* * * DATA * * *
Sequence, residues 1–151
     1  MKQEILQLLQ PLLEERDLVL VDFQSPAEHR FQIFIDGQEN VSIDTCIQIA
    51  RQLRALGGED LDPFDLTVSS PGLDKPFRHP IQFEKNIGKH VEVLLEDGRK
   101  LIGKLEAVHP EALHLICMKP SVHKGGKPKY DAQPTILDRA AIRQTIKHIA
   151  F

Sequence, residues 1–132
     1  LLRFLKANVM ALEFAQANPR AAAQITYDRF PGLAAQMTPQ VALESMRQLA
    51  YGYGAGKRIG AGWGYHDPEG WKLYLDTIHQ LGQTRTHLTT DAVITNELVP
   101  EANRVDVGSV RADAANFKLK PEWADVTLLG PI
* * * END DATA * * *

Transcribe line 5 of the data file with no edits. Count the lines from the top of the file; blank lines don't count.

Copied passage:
   151  F